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Cave art may show 'magic mushrooms'

March 7, 2011 at 8:41 PM   |   Comments

VILLAR DEL HUMO, Spain, March 7 (UPI) -- A cave mural in Spain suggests Europeans may have used hallucinogenic mushrooms in religious rituals 6,000 years ago, researchers say.

The cave art may depict fungi with hallucinogenic properties, which would make them the oldest evidence of their use in Europe, NewScientist.com reported Sunday.

The Selva Pascuala cave mural near the town of Villar del Humo has as its central feature a bull, but it is a row of 13 small mushroom-like objects that interests two researchers.

Brian Akers at Pasco-Hernando Community College in New Port Richey, Florida, and Gaston Guzman at the Ecological Institute of Xalapa in Mexico say they believe the objects are the fungi Psilocybe hispanica, a local species with hallucinogenic properties.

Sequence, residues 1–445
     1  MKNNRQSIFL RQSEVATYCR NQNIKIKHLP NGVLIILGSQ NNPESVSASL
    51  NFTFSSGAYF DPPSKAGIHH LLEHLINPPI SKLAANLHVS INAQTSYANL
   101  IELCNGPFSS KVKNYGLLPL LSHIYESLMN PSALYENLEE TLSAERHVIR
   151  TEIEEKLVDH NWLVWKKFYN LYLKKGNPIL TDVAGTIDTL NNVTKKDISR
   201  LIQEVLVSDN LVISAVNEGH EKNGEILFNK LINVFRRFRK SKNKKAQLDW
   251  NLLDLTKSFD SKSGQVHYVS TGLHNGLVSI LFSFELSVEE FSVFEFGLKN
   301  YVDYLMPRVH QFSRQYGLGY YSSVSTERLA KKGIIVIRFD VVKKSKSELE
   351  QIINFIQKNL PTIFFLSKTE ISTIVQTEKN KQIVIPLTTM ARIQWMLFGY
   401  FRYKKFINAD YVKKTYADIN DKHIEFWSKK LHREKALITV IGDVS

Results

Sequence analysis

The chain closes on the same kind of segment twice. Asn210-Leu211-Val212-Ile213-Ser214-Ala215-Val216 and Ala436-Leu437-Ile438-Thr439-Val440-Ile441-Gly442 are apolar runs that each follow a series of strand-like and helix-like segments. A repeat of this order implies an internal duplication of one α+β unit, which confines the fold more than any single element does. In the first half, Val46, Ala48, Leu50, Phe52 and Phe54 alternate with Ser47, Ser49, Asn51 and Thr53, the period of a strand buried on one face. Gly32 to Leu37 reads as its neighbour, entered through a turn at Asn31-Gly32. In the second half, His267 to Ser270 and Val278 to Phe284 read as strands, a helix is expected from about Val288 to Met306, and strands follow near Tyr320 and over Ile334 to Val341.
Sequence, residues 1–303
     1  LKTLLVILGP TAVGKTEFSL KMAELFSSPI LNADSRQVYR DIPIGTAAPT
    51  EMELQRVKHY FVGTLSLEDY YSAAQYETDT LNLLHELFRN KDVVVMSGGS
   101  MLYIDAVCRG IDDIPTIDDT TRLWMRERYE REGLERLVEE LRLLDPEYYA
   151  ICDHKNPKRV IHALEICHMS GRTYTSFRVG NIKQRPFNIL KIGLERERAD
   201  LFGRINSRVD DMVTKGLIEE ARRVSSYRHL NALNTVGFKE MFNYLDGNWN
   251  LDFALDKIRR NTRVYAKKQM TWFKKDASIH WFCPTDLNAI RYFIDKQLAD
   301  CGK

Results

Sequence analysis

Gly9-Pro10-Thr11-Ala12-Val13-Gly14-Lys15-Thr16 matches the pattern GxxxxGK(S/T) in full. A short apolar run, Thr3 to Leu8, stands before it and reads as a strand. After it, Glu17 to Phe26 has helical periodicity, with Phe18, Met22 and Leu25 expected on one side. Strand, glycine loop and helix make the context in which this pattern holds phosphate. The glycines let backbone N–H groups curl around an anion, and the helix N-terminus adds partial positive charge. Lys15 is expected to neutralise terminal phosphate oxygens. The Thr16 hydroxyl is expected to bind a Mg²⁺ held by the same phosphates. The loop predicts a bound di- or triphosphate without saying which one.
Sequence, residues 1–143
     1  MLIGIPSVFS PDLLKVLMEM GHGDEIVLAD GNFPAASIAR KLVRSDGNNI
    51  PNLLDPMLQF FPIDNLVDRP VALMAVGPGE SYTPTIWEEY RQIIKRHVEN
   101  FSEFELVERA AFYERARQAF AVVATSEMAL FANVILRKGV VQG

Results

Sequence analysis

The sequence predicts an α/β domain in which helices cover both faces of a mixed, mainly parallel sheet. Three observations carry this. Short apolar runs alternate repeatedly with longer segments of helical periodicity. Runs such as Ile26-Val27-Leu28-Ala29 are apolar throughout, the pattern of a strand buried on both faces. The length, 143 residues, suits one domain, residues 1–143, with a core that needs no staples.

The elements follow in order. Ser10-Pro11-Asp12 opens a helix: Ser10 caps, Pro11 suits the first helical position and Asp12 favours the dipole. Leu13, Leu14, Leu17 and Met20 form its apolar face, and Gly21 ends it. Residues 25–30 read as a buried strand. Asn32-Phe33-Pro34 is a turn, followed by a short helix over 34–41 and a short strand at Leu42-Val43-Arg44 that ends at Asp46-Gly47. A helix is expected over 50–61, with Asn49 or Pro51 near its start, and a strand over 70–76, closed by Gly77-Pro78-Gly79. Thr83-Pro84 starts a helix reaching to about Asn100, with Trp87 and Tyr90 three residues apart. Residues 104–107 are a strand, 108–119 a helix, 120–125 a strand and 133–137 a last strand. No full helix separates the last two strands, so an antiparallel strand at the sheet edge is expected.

P. hispanica has a bell-shaped cap topped with a dome and lacks an annulus -- a ring around the stalk -- like the objects depicted in the mural, they say.

However, even at 6,000 years old the painting isn't the oldest thought to depict hallucinogenic mushrooms anywhere in the world. A mural in Algeria that may show the species Psilocybe mairei is 7,000 to 9,000 years old, NewScientist.com reported.

© 2011 United Press International, Inc. All Rights Reserved. Any reproduction, republication, redistribution and/or modification of any UPI content is expressly prohibited without UPI's prior written consent.
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